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Protein Therapy for Muscular Dystrophy and Other Muscle Diseases
AuthorVan Ry, Pam Marie
AdvisorBurkin, Dean J.
Biochemistry and Molecular Biology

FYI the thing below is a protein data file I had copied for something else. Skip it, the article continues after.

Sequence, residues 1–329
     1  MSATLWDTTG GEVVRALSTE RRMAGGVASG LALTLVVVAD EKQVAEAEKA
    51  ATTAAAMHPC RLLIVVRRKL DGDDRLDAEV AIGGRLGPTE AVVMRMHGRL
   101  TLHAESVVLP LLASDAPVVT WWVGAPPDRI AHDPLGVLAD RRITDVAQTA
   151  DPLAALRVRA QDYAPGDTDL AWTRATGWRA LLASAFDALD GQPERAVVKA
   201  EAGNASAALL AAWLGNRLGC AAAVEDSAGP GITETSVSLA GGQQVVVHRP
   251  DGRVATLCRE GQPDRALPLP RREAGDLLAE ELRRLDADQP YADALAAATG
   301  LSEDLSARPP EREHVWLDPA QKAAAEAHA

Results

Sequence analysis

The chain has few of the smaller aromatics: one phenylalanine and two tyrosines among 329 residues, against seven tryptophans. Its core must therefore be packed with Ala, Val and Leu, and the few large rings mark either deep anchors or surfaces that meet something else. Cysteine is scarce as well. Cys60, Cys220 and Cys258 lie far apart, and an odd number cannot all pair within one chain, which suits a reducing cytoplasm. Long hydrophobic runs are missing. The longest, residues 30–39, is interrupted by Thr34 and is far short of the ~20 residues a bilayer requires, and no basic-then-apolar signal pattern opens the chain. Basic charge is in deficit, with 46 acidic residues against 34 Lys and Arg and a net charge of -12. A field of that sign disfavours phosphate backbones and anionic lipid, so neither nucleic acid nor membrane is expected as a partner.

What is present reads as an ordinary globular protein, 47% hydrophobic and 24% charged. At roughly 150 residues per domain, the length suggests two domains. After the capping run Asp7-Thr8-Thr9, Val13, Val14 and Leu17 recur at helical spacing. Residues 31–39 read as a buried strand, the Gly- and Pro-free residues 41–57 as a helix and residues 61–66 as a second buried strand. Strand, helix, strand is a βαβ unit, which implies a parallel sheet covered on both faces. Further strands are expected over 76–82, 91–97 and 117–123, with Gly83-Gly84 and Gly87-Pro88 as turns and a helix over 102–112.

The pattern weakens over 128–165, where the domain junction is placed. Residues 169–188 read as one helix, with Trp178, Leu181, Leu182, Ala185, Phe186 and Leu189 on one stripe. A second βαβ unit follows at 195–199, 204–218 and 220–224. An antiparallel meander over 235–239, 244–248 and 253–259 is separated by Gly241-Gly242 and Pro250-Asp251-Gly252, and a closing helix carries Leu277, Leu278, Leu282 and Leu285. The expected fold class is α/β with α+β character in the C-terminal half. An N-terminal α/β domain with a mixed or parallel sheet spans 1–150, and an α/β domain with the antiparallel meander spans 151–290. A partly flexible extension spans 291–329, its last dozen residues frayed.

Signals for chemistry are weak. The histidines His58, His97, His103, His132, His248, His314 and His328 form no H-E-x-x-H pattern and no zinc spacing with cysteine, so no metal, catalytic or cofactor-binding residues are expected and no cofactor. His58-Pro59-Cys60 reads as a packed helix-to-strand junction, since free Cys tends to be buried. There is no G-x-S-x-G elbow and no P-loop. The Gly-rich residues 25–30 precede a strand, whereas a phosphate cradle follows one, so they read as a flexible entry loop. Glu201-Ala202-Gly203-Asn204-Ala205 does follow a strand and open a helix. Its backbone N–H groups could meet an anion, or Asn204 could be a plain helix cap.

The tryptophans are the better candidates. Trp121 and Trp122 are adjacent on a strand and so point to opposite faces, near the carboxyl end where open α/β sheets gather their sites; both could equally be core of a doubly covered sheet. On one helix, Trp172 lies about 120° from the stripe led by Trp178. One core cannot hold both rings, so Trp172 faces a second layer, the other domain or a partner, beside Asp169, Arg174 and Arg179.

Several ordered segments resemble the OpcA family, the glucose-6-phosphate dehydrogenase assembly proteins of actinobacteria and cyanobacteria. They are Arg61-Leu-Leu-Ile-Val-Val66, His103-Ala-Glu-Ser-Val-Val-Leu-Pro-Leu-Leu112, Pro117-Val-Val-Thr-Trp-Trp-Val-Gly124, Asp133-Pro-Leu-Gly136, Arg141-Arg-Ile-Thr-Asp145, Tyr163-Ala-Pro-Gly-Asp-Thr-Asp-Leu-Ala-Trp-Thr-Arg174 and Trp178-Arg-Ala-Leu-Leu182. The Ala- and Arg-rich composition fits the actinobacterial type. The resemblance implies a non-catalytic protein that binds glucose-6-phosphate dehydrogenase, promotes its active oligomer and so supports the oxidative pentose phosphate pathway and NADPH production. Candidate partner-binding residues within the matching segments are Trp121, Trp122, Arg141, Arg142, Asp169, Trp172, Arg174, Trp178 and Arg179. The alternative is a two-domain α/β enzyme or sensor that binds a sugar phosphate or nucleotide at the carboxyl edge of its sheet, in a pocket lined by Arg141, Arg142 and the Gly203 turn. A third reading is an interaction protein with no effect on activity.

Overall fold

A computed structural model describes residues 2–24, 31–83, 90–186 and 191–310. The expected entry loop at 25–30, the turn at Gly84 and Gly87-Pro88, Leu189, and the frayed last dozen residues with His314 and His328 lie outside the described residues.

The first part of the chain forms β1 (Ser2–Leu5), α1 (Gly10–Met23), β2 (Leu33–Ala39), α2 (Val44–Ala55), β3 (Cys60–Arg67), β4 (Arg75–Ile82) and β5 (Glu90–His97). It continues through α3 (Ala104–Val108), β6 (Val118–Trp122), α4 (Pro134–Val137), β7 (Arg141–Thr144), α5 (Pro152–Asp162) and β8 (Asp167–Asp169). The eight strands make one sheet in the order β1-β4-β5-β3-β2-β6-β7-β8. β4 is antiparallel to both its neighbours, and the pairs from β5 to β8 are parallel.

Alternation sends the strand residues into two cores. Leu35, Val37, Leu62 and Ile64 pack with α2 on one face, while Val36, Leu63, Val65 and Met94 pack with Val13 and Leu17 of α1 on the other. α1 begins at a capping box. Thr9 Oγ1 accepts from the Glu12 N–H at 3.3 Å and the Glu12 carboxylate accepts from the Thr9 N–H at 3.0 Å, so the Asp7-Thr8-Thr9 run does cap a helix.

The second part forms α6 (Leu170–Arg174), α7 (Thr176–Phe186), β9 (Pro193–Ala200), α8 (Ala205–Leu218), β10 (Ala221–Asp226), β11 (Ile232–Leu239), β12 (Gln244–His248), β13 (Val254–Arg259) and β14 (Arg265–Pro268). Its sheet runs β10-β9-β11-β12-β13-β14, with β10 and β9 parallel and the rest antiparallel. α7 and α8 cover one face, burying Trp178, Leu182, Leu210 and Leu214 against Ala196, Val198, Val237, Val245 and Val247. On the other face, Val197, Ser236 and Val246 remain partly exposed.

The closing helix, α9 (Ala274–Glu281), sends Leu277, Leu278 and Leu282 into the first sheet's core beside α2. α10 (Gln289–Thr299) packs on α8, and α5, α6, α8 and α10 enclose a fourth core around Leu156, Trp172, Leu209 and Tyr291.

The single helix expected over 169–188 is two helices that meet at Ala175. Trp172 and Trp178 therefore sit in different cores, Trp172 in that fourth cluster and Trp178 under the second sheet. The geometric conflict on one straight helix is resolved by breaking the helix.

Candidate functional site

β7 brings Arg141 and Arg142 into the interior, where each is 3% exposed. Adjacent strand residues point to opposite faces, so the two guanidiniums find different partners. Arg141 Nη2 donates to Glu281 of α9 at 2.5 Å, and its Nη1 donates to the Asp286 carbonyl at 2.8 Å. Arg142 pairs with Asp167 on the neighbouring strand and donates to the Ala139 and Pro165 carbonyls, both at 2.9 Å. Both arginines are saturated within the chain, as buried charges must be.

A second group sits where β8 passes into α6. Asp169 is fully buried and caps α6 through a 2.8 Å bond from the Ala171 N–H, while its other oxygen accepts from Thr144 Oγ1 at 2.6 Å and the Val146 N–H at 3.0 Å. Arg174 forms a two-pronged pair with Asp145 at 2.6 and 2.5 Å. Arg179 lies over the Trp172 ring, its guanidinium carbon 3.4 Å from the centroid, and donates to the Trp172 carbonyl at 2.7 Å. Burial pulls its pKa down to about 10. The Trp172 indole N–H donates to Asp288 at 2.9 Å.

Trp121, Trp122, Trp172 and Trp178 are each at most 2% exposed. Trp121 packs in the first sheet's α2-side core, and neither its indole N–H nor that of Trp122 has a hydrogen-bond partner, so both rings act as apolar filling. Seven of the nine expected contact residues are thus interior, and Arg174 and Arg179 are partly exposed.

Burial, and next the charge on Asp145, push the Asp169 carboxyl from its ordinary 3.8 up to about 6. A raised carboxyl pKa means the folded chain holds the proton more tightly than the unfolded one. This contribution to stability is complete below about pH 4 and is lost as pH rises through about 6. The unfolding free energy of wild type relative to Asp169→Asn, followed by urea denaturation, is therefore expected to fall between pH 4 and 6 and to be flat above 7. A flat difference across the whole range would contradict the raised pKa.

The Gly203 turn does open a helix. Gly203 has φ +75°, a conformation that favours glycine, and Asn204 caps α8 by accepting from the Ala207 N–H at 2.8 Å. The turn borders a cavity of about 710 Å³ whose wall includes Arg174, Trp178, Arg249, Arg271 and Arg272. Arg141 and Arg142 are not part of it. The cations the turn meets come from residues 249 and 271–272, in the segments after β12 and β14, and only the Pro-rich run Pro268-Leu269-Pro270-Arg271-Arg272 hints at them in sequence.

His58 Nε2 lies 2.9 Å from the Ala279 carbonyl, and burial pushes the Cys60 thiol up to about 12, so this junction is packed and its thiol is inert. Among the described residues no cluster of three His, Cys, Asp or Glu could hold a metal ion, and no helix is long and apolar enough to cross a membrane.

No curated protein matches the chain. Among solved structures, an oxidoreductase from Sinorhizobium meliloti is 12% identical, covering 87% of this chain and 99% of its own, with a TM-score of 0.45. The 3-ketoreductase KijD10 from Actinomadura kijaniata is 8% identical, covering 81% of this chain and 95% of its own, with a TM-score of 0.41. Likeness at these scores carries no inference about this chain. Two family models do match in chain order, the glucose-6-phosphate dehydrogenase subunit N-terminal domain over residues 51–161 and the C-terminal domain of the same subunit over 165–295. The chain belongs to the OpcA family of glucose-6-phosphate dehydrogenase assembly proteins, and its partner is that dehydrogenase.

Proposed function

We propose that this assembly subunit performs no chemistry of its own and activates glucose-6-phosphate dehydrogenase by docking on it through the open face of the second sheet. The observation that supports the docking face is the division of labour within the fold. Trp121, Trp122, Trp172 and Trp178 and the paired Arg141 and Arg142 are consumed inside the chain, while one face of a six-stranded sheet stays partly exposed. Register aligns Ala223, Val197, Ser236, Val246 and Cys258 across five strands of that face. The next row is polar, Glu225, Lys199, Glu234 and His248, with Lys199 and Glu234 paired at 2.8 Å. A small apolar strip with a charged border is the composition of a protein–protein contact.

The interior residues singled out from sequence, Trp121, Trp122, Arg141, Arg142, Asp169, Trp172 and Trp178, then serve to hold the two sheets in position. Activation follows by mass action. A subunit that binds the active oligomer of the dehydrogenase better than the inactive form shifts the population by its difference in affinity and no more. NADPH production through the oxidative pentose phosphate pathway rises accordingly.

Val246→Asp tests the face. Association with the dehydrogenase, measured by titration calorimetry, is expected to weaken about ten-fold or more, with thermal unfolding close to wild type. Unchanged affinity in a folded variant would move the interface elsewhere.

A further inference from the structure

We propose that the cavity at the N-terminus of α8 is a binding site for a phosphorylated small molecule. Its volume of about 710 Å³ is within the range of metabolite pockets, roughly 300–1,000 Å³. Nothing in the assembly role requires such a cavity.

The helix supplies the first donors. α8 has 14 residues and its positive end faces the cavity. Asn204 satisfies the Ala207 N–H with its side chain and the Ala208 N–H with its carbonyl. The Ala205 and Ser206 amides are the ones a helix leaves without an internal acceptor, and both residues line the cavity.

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Despite the exponential advancements in understanding the underlying cause of muscular diseases, there has been little progress in developing an effective treatment which results in the quality of life treatment options desperately needed for patients and families. The muscular dystrophies are a group of progressive degenerative muscle wasting diseases that vary in age of onset, phenotype, cause, severity and life span. Over 90 years ago protein therapy was used to treat diabetes. Today there are over 130 proteins or peptides approved by the US Food and Drug Administration (FDA) for clinical use in almost every field of medicine. Protein therapies have proven to be advantageous and effective since insulin was first used. This work shows that laminin-111 therapy can increase regeneration of skeletal muscle and encourages activation and formation of de novo skeletal muscle. Recombinant Galectin-1 therapy in dystrophic muscle was able to stabilize myofibers functionally through increases in members of the utrophin glycoprotein complex and α7β1 integrin. This thesis demonstrates that protein replacement therapy is a viable treatment option for muscle disease and will translate into measurable quality of life changes for patients and families.